Let’s see: The people of the United States elect as president a man they know very little about. When it becomes obvious that he has deep leftist sympathies combined with deep Islamist sympathies, they elect him again. He, in turn, appoints one Secretary of State who is beholden to Arab largesse, and then, after she steps down, he replaces her with a man who … has close family ties with Iran.
This time at last, in the coming election year, the Republican candidates whose broadcast debates will have the attention of millions of voters must take advantage of their opportunity to break through the protective wall the mainstream media have put round the Obama administration and the Democratic candidates. They must make all this – the ideology, the motivation, and the practices of Obama, Hillary Clinton, John Kerry and the rest of the gang – so well known to the electorate that no one who can read, watch TV, listen to radio, attend a political rally, or receive news through any medium, will be able to avoid knowing it. Or avoid knowing how perilous it is to their freedom, their safety, and even their survival.
Then if most voters choose Hillary Clinton for president …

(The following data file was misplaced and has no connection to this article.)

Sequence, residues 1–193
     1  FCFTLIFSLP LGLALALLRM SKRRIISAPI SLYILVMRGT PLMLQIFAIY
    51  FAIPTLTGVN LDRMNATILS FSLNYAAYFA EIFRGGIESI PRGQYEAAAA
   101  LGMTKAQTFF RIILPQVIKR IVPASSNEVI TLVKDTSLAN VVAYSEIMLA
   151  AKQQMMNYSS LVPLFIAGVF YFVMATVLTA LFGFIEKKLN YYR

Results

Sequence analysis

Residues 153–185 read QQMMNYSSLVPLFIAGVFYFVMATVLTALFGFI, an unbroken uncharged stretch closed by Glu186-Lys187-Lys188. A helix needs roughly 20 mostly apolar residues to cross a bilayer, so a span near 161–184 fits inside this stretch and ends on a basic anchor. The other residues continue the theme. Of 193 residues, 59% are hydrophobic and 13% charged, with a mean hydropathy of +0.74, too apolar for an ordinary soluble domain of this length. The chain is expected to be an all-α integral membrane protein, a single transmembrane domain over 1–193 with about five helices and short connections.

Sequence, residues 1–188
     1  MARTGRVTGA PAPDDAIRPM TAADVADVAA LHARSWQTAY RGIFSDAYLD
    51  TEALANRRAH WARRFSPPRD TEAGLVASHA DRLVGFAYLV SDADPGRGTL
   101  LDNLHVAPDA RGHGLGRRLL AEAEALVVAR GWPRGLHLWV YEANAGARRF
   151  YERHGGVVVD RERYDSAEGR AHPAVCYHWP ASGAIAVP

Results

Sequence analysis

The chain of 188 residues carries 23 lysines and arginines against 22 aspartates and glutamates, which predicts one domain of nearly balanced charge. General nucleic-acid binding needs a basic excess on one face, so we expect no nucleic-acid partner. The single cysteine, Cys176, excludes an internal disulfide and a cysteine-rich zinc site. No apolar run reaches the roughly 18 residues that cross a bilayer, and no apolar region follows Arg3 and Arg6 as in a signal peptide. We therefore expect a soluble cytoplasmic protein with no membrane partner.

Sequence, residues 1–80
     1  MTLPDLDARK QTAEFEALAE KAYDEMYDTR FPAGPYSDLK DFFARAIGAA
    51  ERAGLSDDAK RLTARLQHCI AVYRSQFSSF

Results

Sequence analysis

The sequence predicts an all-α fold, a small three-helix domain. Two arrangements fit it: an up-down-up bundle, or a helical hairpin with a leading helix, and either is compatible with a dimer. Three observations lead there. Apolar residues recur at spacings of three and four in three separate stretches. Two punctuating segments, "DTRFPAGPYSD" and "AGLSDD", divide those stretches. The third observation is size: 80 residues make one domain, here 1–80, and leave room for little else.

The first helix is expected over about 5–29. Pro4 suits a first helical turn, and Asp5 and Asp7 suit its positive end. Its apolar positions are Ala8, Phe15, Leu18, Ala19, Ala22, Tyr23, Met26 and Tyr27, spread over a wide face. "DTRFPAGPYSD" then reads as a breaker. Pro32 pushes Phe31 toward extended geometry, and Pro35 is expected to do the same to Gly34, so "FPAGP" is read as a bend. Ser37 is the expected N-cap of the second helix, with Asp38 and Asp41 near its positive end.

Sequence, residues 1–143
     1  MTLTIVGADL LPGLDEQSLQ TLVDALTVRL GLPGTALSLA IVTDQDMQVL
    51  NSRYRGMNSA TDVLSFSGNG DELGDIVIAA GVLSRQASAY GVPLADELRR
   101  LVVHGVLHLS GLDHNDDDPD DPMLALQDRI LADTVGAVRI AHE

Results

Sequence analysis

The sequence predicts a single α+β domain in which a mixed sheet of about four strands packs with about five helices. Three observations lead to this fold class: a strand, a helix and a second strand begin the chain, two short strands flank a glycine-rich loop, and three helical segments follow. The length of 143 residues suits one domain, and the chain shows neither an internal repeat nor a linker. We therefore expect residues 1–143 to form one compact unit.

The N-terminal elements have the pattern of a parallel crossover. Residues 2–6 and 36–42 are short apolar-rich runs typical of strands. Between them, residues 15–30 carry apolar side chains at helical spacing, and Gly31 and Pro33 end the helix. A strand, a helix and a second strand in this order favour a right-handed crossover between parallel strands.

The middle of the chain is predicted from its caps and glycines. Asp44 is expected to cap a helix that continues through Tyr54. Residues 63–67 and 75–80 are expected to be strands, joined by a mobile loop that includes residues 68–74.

The Left likes to believe – as Obama and Harry Reid often iterate – that it is “on the side of history”.
Is history then stuck with those stale and failed ideas of a Marxian stamp propagated by the likes of Kenneth Galbraith, John Maynard Keynes, or the bone-headed strategies of Richard Cloward and Frances Fox Priven?
Or tending back to the Dark Ages with a resurgence of Islam?
Surely not. A civilization that has put a man on the moon; has invented the computer, the internet, the driverless car; that watches the expansion of the universe; that can replace a faulty human heart with a new one; that has used liberty to become rich, knowledgable, and ever more inventive, is not going to go back to communism or the law of the seventh century desert?
Quo vadis then?
The maliciously lefty and deeply nasty New York Times notices a rise in libertarian opinion in America.
Libertarianism has been touted as the wave of America’s political future for many years, generally with more enthusiasm than evidence. But there are some tangible signs that Americans’ attitudes are in fact moving in that direction.
The NYT goes on to substantiate its claim with figures and a chart.
It defines a libertarian, fairly enough, as “someone who believes that the government is best when it governs least”.
There have been visible shifts in public opinion on a number of issues, ranging from increasing tolerance for same-sex marriage and marijuana legalization on the one hand, to the skepticism over stimulus packages and the health-care overhaul on the other hand, that can be interpreted as a move toward more libertarian views.